Over the past decades, research on the effects of radiation on biological specimens (cells and animal models) has enhanced our knowledge on a number of industrial, clinical and research-oriented applications. Besides the clear advantageous socio-economical impact of ionizing radiation in the medical sector, it is important to note the related detrimental health effects as well. Next to its well-known role in cancer induction, a number of studies have shown non-cancer effects after irradiation, such as cardiovascular and cognitive detriment. For instance, irradiation of the embryo during early development (e.g. neurulation) can have a negative impact on proper development and thus lead to so-called birth-defects or congenital abnormalities, which are often associated with structural and functional aspects of the central nervous system (CNS)1–8. This PhD project will focus specifically on rostrally oriented neural tube defects (NTDs), eye defects (EDs) and abnormal behavior/vision in mice resulting from prenatal radiation exposure. After the Chernobyl accident in 1986, large quantities of the radioactive isotope Cesium-137 were deposited throughout Ukraine with higher amounts found in the northern half of the country. The years following the disaster, an increase in NTD and ED occurrence was observed in a number of contaminated regions. It was suggested that this phenomenon originated from extensive maternal Cesium-137 exposure5. However, it should be noted that no clear-cut NTD increase was observed in western Europe the years following the disaster9,10. So far, increased occurrence of malformations and sub-optimal cognitive functioning in descendants exposed in utero to radiation are often reported in the literature about the Hiroshima and Nagasaki A-bombings11. Thus, suggesting a causative role of ionizing radiation in the increased prevalence of NTDs, EDs and cognitive malfunctioning. Currently, an important issue is the exposure of women during the earliest stages of pregnancy to ionizing radiation in the context of diagnostic or interventional procedures. The possibility of unexpected pregnancy between radiotherapy sessions and subsequent exposure of the embryo to low doses of radiation is a matter of concern. It would be of interest to assess exactly how prenatal ionizing radiation exposure may induce these congenital abnormalities. The discovery of afflicted cellular mechanisms may furthermore lead to the use of new compounds for the prevention and treatment of these defects. Folic acid (FA) and folates have a known track-record in ameliorating birth defect prevalence: it is thus often advised for pregnant women to consume additional FA during gestation. Although FA food fortification is not common practice in any of the EU member states, the consumption of food supplements containing the compound by pregnant women has been advised by various EU governments in the past. Important to note is that a number of previous experimental findings have suggested a positive effect of FA on cognitive functioning if administered postnatally12–16. Furthermore, a link between abnormal folic acid metabolism and irradiation events has been reported in the past17–19. It is then imperative to determine the efficacy of postnatal FA administration in improving the standard of life after prenatal exposure to radiation. Aim 1.1.: Mechanisms of prenatal radiation-induced NTDs and EDs In the first aim, the development of NTDs and EDs is assessed after prenatal irradiation at embryonic day (E)7.5, using different doses of X-rays (up to 1.0 Gy). To this end, (immuno)histochemistry (IHC) and subsequent morphometric analyses are being performed at different developmental stages following radiation exposure. In addition, to unravel underlying mechanisms responsible for radiation-induced NTDs and EDs, a series of biotechnological techniques such as microarray, reverse transcription quantitative polymerase chain reaction (RT-qPCR) and western blot (WB) are being employed. Aim 1.2.: Assessing the efficacy of FA in ameliorating radiation-induced prenatal anomalies A possible link between prenatal irradiation and FA activity is being evaluated. FA will be administered during pregnancy and possible amelioration in radiation-induced anomalies at the height of the rostral NT and embryonic eye will be assessed. Custom made food is to be used as the vehicle to supply the animals with high FA intake. Initially, the FA content of the food has been validated with LCMS both directly by the manufacturer and indirectly, using LCMS of plasma/milk/brain samples of fortified pregnant mice. In addition, the impact of irradiation at E7.5 on the plasma content of various FA metabolites will be assessed, to better understand a possible link between X-irradiation and folate bioavailability. After food validation, a macroscopic study will be initiated where the prevalence of NTDs and EDs will be assessed in FA fortified pregnant females. Aim 2.1.: Role of prenatal ionizing radiation in the development of postnatal persistent defects The second aim will shift the focus towards postnatal anomalies and adult behavioral defects as a result of early prenatal exposure to radiation. Analyses will be performed both at the behavioral and morphological level. Animals irradiated at E7.5 will be subjected to an array of visual and behavioral tests to assess both visual acuity as well as cognition, learning and memory. The visual acuity tests will be performed first, to assess differences in visual ability that might be due to an abnormal, radiation-induced, eye development. In addition, Magnetic Resonance Imaging (MRI) and IHC will be employed to determine detailed eye and brain morphology, whereas optical coherence tomography (OCT) will be employed to assess the structure of the retina. Aim 2.2.: Assessing the efficacy of FA in ameliorating radiation-induced prenatal anomalies Finally, FA will be administered pre- and/or postnatally to assess its efficacy in counteracting radiation-induced anomalous adult eye and brain morphology and a possible behavioral decline. To keep in mind the prenatal experiments, FA will be implemented in the experimental design only if its beneficial role in preventing X-ray induced congenital defects has been established (see Aim 1.2.).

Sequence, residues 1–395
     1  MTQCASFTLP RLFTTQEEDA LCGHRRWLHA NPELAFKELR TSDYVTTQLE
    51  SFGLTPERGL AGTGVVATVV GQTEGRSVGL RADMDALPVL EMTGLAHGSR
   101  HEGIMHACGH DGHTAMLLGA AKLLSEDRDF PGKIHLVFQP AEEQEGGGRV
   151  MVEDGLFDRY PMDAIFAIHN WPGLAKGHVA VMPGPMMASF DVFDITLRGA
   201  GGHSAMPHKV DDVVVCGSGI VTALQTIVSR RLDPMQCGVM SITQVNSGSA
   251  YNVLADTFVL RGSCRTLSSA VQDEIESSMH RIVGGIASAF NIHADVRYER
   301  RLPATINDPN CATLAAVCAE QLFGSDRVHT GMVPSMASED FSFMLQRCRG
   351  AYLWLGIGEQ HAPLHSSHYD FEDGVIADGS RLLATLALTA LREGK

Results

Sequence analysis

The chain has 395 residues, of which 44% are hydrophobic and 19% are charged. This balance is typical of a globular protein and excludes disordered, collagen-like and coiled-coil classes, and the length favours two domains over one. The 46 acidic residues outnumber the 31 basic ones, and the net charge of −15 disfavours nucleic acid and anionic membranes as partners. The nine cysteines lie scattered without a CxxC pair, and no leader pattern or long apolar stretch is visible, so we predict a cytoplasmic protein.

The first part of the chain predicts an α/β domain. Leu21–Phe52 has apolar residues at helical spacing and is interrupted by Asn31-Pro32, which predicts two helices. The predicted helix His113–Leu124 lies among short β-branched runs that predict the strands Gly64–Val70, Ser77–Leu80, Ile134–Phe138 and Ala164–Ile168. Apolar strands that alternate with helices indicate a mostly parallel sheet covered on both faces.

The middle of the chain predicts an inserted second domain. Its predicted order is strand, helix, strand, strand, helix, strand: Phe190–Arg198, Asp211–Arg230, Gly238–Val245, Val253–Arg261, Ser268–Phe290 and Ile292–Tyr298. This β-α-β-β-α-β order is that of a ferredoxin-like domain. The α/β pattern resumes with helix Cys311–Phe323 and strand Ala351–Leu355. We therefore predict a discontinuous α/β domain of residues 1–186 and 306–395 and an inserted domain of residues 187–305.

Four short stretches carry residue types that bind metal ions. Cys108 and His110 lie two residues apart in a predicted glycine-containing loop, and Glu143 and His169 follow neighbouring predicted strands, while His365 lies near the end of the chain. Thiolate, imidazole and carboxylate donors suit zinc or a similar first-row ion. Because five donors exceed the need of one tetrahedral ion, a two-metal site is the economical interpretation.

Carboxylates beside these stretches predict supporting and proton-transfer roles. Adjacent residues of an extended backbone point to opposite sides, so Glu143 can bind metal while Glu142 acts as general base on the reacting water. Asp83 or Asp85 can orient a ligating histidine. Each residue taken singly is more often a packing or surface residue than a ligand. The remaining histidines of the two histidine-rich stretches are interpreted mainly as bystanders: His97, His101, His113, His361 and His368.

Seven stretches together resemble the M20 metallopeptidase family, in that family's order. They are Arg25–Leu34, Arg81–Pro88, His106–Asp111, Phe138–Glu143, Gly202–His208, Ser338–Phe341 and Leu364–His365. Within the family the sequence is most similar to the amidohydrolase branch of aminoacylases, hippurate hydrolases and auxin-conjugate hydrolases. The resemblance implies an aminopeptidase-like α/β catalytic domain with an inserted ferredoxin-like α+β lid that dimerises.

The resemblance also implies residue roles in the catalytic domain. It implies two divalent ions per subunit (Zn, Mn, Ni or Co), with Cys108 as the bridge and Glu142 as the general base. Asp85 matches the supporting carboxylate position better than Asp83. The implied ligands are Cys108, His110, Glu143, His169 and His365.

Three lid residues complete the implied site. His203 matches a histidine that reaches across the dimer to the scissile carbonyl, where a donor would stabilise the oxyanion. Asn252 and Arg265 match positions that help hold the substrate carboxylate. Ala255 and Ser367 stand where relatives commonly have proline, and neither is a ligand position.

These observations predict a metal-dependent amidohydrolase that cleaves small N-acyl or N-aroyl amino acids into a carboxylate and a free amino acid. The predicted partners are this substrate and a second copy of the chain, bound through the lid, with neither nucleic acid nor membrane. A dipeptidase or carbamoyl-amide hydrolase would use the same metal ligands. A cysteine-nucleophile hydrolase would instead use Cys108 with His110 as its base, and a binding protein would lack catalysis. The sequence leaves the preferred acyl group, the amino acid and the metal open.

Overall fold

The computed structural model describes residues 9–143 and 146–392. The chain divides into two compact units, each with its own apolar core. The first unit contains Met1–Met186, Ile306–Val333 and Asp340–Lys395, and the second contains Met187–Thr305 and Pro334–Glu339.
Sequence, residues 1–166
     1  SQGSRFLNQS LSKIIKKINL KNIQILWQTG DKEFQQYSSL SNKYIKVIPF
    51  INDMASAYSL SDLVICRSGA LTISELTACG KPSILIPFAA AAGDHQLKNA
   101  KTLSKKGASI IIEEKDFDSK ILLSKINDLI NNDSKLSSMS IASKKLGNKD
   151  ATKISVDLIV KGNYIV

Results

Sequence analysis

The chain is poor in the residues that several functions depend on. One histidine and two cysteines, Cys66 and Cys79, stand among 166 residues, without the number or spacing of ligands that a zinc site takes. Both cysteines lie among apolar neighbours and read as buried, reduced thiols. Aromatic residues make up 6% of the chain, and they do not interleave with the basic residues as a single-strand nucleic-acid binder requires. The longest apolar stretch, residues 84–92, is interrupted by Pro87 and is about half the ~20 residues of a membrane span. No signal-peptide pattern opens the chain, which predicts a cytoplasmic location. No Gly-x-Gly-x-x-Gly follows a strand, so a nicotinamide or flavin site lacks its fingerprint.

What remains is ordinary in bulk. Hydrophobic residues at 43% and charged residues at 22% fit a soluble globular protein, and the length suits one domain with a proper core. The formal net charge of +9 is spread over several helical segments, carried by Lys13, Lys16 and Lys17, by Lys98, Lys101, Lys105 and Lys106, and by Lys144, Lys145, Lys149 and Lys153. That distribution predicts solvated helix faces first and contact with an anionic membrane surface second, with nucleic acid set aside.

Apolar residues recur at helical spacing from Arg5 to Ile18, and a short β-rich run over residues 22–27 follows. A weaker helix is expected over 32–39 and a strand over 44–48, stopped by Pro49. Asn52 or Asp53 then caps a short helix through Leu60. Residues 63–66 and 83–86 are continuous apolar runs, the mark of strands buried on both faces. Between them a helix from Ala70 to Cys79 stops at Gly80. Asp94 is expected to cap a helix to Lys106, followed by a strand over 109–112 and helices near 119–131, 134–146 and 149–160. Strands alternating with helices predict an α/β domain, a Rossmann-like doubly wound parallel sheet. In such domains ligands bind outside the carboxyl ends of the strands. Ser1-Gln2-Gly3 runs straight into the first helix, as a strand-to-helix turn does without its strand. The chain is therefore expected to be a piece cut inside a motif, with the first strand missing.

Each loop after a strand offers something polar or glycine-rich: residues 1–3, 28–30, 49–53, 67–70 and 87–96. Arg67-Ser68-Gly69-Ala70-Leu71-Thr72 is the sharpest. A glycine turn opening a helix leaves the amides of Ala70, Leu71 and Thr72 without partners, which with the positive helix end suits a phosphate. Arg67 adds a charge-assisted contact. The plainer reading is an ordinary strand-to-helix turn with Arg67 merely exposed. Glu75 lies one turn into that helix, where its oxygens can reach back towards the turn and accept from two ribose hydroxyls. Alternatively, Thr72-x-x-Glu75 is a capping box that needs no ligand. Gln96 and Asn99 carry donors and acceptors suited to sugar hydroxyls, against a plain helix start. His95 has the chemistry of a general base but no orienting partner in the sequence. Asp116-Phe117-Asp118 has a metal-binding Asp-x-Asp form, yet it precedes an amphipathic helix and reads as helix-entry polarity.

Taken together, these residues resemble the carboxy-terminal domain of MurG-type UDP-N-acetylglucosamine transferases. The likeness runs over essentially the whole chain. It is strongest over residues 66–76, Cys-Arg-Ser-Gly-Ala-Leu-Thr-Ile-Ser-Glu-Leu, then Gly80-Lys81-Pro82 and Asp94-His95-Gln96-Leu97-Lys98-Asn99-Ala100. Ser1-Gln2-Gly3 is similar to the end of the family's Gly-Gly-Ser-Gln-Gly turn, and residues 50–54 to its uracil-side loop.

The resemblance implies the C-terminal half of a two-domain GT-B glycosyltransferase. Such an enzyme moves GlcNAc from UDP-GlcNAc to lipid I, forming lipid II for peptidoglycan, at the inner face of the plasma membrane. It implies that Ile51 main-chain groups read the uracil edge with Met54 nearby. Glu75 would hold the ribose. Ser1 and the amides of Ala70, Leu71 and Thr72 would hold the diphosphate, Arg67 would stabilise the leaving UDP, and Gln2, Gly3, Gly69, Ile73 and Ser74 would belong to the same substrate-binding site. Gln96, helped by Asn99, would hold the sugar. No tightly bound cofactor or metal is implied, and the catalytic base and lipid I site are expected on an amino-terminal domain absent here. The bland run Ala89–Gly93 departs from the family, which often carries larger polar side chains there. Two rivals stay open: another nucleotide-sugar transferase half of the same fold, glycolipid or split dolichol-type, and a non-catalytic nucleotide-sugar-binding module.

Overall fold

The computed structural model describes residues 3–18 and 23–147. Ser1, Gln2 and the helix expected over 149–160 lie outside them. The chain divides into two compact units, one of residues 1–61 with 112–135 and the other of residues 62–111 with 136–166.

|Publisher||KUL - Katholieke Universiteit Leuven|
|Number of pages||31|
|State||Published - 12 Aug 2016|